The changes in the kitty’s baseline behavior, eating habits and weight loss led me to a not-so-difficult preliminary diagnosis of hyperthyroidism.

Cutting to the chase and running the correct blood work and thyroid levels got Miranda a diagnosis in record time. At first, the client thought Miranda’s vomiting was mild and she was not too keen on paying for the blood work, but the changes in the cat’s baseline prompted me to urge the client to do the workup.

She was happy she did because Miranda is on thyroid medication, eating normally, not vomiting anymore and weighing in at a lovely, healthy 9 pounds.

Warmer weather usually means busier veterinary clinics, so bring your pet for routine exams in the off-peak season. By: mtch3l

How Scheduling Off-Peak Wellness Exams Benefits Your Pet and Your Vet

When is the best time to schedule your annual exam for your pet?

The second quarter of the year (April, May and June) is statistically the busiest 3 months for most veterinarians. The slowest time of the year tends to be October, November and December.

So unless you’re in a niche community, like a resort or snowbird town, the busiest time for most small animal vets, no matter the state or the weather, is springtime.

Wellness Exams in a Sea of Calm

If you book your pet’s annual wellness exam in off-peak season, you can get the appointment time of your choice with ease.

Often, you can schedule the day before or day of your desired time when your vet isn’t so busy. In the busy months, you may have to wait a few weeks to get the time and doctor of your choice.

In off-peak season, the vet can spend more quality time with you and your pet. Your vet is less frazzled when her day is not filled with back-to-back appointments.

Why Spring Is Busy

Spring has always been the busiest time for small animal vets.

This may be a holdover from when heartworm testing and prevention was a seasonal thing in many parts of the country. Today, you can get your annual heartworm test at any time of year and many vets give heartworm protection year-round.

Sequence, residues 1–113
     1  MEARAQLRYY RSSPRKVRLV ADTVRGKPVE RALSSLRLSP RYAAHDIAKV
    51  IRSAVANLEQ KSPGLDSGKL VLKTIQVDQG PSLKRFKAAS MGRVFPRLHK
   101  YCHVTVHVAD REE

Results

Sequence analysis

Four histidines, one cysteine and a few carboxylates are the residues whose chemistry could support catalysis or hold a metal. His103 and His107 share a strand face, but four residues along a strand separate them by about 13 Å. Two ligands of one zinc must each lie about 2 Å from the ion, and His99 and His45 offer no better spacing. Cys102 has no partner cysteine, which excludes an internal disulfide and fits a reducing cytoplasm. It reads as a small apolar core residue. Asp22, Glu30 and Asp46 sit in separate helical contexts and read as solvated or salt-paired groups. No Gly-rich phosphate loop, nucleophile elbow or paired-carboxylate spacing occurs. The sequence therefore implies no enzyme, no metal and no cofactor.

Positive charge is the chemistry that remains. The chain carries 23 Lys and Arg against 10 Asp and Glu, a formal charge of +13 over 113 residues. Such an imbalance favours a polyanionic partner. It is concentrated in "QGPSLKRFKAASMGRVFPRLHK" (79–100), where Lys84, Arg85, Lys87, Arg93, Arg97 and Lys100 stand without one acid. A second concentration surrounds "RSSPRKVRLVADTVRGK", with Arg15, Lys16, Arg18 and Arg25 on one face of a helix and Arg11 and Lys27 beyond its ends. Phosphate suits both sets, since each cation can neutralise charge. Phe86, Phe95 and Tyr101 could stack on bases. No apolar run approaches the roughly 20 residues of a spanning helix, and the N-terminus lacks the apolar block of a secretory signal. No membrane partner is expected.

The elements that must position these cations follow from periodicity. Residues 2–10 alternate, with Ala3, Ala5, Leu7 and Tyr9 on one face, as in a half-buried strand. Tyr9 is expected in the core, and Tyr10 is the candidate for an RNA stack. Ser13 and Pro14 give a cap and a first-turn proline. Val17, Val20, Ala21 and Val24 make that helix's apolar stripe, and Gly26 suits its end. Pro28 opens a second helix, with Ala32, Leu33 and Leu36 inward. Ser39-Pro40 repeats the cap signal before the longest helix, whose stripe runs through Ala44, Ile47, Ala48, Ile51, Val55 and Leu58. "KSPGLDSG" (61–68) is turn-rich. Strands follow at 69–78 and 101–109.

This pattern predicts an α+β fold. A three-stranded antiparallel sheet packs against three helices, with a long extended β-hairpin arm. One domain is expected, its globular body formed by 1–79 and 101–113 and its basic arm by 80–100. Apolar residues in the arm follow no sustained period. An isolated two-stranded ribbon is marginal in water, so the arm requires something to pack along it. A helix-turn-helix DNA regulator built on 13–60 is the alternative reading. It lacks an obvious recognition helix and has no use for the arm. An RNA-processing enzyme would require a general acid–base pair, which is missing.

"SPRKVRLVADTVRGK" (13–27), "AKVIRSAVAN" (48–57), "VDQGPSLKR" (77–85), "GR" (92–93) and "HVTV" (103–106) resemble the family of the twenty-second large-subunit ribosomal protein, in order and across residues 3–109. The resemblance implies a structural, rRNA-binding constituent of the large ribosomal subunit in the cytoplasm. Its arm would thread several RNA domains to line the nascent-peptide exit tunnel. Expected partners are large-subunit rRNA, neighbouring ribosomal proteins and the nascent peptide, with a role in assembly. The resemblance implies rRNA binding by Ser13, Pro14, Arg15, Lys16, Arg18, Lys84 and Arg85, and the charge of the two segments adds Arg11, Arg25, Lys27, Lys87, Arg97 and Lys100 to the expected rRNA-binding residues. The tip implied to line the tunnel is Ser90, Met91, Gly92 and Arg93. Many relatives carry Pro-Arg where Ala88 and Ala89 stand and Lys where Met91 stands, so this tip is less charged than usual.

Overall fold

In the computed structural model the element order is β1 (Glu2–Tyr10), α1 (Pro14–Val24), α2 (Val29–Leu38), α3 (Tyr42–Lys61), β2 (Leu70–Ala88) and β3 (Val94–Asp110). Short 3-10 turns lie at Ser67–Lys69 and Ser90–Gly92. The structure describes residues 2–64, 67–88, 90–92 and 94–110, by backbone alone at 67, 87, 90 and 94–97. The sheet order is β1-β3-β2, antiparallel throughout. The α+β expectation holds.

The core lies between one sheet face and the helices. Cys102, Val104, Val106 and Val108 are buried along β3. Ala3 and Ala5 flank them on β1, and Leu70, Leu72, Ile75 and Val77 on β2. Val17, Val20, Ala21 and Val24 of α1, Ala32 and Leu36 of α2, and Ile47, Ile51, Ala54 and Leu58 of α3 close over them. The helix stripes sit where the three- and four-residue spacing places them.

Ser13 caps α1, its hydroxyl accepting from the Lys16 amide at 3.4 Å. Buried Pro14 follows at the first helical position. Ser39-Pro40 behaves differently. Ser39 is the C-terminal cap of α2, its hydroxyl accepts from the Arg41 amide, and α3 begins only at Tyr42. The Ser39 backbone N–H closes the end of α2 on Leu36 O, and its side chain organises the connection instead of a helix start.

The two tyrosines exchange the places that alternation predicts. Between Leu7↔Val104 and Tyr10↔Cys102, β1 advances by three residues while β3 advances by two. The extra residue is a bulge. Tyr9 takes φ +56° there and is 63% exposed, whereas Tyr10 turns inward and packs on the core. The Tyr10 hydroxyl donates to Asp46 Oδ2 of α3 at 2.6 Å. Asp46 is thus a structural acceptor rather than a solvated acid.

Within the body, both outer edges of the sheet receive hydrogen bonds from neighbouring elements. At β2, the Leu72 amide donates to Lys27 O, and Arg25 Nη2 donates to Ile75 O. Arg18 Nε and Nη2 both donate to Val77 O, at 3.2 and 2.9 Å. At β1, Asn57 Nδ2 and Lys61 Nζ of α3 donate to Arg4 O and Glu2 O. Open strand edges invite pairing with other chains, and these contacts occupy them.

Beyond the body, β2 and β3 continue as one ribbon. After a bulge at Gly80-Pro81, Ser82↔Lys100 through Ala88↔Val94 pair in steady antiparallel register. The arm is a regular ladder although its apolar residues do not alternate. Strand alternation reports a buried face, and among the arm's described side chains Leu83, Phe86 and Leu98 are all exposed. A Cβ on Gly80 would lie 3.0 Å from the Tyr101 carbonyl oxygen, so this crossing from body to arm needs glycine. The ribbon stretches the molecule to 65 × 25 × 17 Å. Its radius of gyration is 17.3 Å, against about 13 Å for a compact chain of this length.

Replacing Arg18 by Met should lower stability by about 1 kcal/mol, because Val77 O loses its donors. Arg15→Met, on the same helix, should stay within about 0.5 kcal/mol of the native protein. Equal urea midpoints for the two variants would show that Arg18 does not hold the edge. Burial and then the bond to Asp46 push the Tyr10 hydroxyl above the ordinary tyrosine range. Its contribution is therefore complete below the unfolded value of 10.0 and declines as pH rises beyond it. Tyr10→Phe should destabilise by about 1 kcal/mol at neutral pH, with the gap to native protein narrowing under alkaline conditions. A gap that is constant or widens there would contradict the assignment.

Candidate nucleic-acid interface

Additionally, flea and tick prevention are also associated with spring and summer. You may notice more TV ads for Frontline and Advantage now, but these products can be purchased at any time of year, without your pet in tow.

No need to wait for your annual appointment in April or May to buy or begin parasite prevention.

An veterinary exam in cooler-weather months can mean more personal attention for your pet. By: Austin Community College

The warmer months are always a busier time in general because pets get into more trouble, necessitating more vet visits for trauma and illness.

Even without more annual appointments on the books, your vet is simply busier in the spring and summer stitching up wounds and stabilizing pets who played in traffic.

Spring also represents a kind of housecleaning mindset. Air out the house, dust under the bed and bring Doogan to the vet. Winter is done and summer fun isn’t in full swing yet, so people are in a get-it-done frame of mind.

Simply, if go to the vet in winter or summer, you miss the spring barrage.

Winter Appointments

You might think it’s the winter weather that keeps people from scheduling their annual visit in the dark months, but there’s more to it than that.

The slowest quarter — October, November and December — actually have to do with that crazy mindset of “the holidays.” I think it would be great for all of us to get our minds off the wacky anxiety caused by the winter holidays and go about our business.

So forget about Thanksgiving dinner or present shopping — and bring that pet to the vet!

Can you guess what this dog’s favorite season is?:

Changing the Time of Your Annual Exam

Is it possible to reschedule your pet’s exam?

Sure — just call your vet’s office. The receptionist can check on when vaccines are due and tweak the schedule to your liking.

Rabies is the only vaccine where the date matters — you don’t want to let that expire. Other vaccines are not that time-sensitive.

Your pet’s wellness exam is important. A more relaxed atmosphere at the vet can make this a better and more successful experience all around.

Remember to make a list of concerns you have about your pet and reveal these to the receptionist when you make your appointment. We want to know ahead of time that Buffy has had goopy poops for several months or Wondercat’s vomiting has been on the rise.

Above all, thanks to all you great people for keeping up with your pets’ wellness exams, whenever they occur.

vet-cross60p

This pet health content was written by a veterinarian, Dr. Debora Lichtenberg, VMD. It was last reviewed Oct. 11, 2017.

Dr. Debora Lichtenberg, VMD

View posts by Dr. Debora Lichtenberg, VMD
Dr. Debora Lichtenberg, VMD, is a small animal and exotics veterinarian who has split her time between a veterinary practice in Pelham, Massachusetts, and her studio in New York City. Dr. Lichtenberg is a graduate of the University of Pennsylvania School of Veterinary Medicine with 30 years of experience. Her special interests are soft tissue surgery and oncology.

Please share this with your friends below:

Also Popular

shares